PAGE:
Panasonic and Tesla Motors have finally announced, on Thursday, the expected deal under which the two companies will collaborate to build the Gigafactory. That factory, whose location has not been announced, is slated to dramatically increase total worldwide production of automotive grade lithium ion battery packs. Tesla Motors needs the Gigafactory to meet the 2017 deadline to begin selling the Tesla Model III, to have enough battery packs to meet the Model III production volume.
The agreement announced today is in line with the concept Tesla Motors unveiled earlier this year. Tesla Motors will own the land, buildings, and utility infrastructure to support the Gigafactory. Several companies, principle among them Panasonic, will operate jointly within the building with each company manufacturing specific components. Panasonic's role will be to manufacture cylindrical lithium-ion cells, using precursor materials supplied by the other companies located on-site, supplying those to Tesla Motors, along with any mutually agreed upon equipment.
Tesla Motors will take those cells to build battery packs not only for Tesla Motors cars, but other products the company plans to sell such as grid energy storage systems.
The Gigafactory will be managed by Tesla. Panasonic is the principle partner in the project, and will be occupying about half of the space. By integrating several companies into one location some costs will be avoided, such as shipping precursor materials long distances between factories.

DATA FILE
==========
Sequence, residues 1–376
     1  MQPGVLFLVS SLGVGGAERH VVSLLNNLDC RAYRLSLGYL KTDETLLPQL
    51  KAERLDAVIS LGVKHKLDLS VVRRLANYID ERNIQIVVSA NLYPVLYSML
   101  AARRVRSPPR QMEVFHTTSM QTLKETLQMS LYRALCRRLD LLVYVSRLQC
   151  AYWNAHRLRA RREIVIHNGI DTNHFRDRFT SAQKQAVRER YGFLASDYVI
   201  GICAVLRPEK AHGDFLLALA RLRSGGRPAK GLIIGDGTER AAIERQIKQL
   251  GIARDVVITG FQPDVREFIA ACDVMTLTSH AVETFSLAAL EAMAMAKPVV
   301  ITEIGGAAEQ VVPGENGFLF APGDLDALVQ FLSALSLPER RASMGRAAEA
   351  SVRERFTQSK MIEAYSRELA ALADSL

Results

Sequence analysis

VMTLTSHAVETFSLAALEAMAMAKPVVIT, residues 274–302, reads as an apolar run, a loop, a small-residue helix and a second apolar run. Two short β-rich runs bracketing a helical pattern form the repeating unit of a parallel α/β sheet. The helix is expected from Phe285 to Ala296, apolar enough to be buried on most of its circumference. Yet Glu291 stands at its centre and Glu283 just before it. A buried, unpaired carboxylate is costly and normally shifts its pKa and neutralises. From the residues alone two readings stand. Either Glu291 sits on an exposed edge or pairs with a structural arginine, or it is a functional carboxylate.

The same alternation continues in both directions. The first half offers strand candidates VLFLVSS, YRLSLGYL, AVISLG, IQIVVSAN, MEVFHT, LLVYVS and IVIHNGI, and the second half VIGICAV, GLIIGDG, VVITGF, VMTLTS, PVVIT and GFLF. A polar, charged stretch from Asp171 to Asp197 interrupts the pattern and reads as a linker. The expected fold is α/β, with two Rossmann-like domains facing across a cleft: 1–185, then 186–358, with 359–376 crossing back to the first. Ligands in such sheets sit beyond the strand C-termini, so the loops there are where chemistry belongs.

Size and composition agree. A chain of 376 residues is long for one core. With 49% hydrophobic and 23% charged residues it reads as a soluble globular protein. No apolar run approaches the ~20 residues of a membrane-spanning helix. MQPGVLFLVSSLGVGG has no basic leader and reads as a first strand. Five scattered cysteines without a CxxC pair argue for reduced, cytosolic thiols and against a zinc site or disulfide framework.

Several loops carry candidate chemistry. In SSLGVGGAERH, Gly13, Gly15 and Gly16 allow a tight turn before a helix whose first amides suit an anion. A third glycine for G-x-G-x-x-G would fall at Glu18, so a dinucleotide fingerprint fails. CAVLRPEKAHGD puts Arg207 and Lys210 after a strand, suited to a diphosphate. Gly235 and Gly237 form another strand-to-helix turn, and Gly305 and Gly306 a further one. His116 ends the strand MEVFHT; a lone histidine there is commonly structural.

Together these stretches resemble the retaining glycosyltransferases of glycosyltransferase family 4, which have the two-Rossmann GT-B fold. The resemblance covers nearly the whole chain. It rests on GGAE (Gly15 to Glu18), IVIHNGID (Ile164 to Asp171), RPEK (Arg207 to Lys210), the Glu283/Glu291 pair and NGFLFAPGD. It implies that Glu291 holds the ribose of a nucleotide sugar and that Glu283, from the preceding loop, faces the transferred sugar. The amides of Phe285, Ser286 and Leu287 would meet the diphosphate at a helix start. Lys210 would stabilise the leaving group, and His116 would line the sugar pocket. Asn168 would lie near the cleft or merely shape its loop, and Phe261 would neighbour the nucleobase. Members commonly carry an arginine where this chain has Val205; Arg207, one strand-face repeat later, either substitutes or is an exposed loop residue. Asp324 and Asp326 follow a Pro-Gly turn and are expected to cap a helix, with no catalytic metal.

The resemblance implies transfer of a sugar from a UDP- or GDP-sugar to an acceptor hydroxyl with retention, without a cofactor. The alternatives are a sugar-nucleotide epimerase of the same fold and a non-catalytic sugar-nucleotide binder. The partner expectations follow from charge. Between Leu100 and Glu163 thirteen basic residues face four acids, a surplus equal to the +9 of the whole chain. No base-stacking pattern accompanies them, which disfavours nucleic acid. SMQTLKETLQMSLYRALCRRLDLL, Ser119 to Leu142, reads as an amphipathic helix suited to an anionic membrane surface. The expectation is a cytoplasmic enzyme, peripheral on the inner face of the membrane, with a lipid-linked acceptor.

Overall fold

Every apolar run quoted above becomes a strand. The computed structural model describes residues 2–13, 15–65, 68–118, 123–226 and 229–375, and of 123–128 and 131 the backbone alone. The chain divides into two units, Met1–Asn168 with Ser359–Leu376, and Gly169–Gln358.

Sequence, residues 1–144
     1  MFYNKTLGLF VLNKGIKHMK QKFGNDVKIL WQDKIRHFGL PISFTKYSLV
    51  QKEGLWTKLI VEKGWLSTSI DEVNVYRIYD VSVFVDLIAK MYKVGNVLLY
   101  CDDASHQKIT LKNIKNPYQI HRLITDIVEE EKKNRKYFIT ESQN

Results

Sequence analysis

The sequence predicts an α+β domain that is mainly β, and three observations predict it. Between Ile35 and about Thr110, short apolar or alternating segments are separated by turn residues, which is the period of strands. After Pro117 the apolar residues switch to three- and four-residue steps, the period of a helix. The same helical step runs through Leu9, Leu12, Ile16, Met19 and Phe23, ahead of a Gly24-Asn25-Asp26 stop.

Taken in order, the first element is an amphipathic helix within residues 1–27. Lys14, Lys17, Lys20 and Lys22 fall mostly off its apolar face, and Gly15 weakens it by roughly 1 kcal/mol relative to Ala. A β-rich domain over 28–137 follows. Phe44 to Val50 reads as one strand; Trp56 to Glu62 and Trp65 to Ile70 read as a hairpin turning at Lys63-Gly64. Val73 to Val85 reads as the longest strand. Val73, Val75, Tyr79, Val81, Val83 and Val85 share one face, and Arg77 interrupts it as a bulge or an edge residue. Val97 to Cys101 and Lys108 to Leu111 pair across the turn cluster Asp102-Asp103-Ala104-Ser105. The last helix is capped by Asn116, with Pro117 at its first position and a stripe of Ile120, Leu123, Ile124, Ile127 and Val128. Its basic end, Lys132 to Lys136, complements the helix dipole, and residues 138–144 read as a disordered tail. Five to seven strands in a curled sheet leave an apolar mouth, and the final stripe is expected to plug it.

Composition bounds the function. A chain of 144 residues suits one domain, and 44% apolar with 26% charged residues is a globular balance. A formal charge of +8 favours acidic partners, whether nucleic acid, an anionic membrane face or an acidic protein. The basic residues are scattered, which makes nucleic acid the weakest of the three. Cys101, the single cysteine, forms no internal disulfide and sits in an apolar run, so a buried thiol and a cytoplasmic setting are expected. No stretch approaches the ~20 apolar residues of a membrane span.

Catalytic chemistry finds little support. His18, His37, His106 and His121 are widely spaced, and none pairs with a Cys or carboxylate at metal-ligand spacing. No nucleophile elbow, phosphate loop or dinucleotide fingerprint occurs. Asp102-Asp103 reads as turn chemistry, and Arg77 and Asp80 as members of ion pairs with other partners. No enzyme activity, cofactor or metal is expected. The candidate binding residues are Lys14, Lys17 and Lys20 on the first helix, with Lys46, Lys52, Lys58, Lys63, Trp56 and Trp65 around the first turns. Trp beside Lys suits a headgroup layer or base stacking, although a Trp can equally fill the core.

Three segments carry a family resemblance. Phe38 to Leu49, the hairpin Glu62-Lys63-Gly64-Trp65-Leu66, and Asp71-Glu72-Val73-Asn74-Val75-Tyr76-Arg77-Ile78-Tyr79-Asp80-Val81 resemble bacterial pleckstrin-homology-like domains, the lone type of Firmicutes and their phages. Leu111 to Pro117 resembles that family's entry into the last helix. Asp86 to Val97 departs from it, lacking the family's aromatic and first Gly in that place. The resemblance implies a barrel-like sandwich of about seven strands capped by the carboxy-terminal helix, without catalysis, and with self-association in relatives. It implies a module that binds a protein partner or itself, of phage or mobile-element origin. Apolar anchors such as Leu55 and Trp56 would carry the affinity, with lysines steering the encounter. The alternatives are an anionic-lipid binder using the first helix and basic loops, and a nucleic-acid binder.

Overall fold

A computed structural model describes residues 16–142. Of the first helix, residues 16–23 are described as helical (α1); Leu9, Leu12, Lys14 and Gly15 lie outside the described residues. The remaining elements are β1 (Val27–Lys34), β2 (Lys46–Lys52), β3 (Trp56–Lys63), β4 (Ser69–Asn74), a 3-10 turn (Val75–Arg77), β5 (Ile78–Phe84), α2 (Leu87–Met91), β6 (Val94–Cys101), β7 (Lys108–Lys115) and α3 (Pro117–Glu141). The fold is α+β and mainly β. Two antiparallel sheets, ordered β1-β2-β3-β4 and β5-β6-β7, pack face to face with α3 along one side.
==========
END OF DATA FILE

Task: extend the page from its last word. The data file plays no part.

It's planned that the Gigafactory will not only manufacture new battery packs, but recycle used packs into new battery packs.
JB Straubel, Chief Technical Officer and Co-founder of Tesla Motors said: "the Gigafactory represents a fundamental change in the way large scale battery production can be realized. Not only does the Gigafactory enable capacity needed for the Model 3 but it sets the path for a dramatic reduction in the cost of energy storage across a broad range of applications."
Yoshihiko Yamada, Executive Vice President of Panasonic, added, "We have already engaged in various collaborative projects with Tesla toward the popularization of electric vehicles. Panasonic's lithium-ion battery cells combine the required features for electric vehicles such as high capacity, durability and cost performance. And I believe that once we are able to manufacture lithium-ion battery cells at the Gigafactory, we will be able to accelerate the expansion of the electric vehicle market."
The big question hovering over the Gigafactory is its location. Today's press release didn't disclose that location, however some recent news suggested a front-runner location near Reno Nevada. Or maybe in California. Later today Tesla Motors is scheduled to hold a conference call for news analysts, and might discuss the Gigafactory location and other news.
Tesla Motors claims the Gigafactory will implement a dramatic battery pack cost reduction. That comes from the tight integration between suppliers, and an economy of scale not yet seen in battery pack production.
Because battery pack cost is the biggest component of electric car cost. A drastic cost reduction will allow Tesla Motors to meet the $35,000 MSRP targeted price point for the Model III. That car is slated to start production in 2017 at 100,000 units per year, expanding to 200,000 units per year in the following years.